Maryland, which requires public access to all air monitoring data 
online via the internet. By providing information to the public on the 
internet for 8-hour ozone levels, the State of Maryland provides 
adequate public notification of ozone levels and provides to the public 
both in and outside the State of Maryland information that can be used 
to examine ozone levels and determine when and where exceedances 
occurred or might occur. The commenter does not explain why this 
information is not adequate ``public notice'' of exceedances of the 
NAAQS. In addition to providing access to the ozone monitor data on the 
internet, the Maryland SIP contains approved procedures for permitting, 
attainment planning, and emergency episodes which provide information 
about the ozone air quality conditions and about the emission controls 
that may be implemented to reduce ozone levels. Section 2-303(b) of the 
Environment Article of the Annotated Code of Maryland requires that 
public hearings be held before Maryland finalizes air quality 
regulations. In the TSD, EPA also identified other regulatory and 
statutory provisions in Maryland which address public notification and 
hearings including COMAR 26.11.02 and 26.11.03 for permits and COMAR which adopts 40 CFR 58.50 for reporting air quality to the 
public several times per day. In addition, COMAR and provide for public notification when ozone levels may reach 
or exceed levels considered injurious to human health. The remaining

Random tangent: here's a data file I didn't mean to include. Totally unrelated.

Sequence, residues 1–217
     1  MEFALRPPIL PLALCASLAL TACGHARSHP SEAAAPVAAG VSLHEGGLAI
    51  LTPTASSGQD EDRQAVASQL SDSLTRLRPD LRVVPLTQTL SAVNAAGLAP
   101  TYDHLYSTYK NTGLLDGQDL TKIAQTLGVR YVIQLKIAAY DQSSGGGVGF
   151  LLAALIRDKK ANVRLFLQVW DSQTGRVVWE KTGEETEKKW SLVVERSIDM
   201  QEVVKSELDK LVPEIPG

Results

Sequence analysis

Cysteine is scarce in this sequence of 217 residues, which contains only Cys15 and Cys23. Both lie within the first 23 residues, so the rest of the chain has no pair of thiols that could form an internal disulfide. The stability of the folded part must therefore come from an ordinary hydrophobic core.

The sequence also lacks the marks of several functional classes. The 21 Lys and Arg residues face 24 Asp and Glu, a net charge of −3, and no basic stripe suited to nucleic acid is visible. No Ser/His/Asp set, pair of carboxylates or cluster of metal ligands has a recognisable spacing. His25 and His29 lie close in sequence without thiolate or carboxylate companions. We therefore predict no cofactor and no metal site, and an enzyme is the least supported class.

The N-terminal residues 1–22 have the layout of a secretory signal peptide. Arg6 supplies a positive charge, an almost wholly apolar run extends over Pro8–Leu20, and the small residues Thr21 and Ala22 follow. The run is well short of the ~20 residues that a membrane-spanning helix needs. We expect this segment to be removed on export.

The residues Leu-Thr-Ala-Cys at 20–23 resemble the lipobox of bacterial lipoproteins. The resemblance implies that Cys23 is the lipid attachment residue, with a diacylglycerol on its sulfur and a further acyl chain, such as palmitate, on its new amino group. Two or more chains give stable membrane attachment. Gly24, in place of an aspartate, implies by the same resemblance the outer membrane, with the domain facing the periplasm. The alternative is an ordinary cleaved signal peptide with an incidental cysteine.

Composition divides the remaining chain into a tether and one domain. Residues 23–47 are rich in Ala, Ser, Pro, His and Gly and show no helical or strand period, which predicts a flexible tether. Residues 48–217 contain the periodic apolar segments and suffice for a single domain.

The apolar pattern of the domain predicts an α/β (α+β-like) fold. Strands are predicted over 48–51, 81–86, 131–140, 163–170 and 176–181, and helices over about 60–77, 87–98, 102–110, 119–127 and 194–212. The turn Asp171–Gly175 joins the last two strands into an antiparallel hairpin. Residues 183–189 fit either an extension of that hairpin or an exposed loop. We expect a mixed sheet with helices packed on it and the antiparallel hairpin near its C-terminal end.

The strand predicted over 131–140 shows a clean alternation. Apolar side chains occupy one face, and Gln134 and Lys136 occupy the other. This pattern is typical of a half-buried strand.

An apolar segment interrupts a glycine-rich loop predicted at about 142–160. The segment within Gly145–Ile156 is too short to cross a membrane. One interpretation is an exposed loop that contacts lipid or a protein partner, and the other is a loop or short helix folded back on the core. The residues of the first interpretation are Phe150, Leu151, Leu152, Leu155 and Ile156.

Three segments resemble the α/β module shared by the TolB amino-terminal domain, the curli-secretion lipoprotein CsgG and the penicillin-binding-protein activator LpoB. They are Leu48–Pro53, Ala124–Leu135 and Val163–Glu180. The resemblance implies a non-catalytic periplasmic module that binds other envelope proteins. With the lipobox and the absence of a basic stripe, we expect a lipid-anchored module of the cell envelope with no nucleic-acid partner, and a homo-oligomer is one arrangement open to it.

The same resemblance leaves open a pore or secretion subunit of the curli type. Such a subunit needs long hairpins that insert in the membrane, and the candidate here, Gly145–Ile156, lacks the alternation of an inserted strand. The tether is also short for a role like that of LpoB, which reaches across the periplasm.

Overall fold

provisions in COMAR 26.11.05 provide for responsive actions to address 
such injurious accumulations of air pollution. Maryland provides 
historical information on exceedances statewide for each calendar year 

[[Page 62018]]

http://www.mde.state.md.us/programs/Air/AirQualityMonitoring/Pages/HistoricalData.aspx which contains links to a statewide listing of 
recorded exceedances at specific locations including the Millington 
monitor in Kent County. Maryland also provides air quality forecasts at 
http://www.mde.state.md.us/programs/Air/AirQualityMonitoring/Pages/AQForecast.aspx which also includes information on actions the public 
can take to reduce pollution and protect their health.
    As explained in the TSD accompanying the NPR and herein, Maryland's 
ozone infrastructure SIP submission clearly demonstrates that Maryland 
regularly notifies the public of instances or areas in which the 2008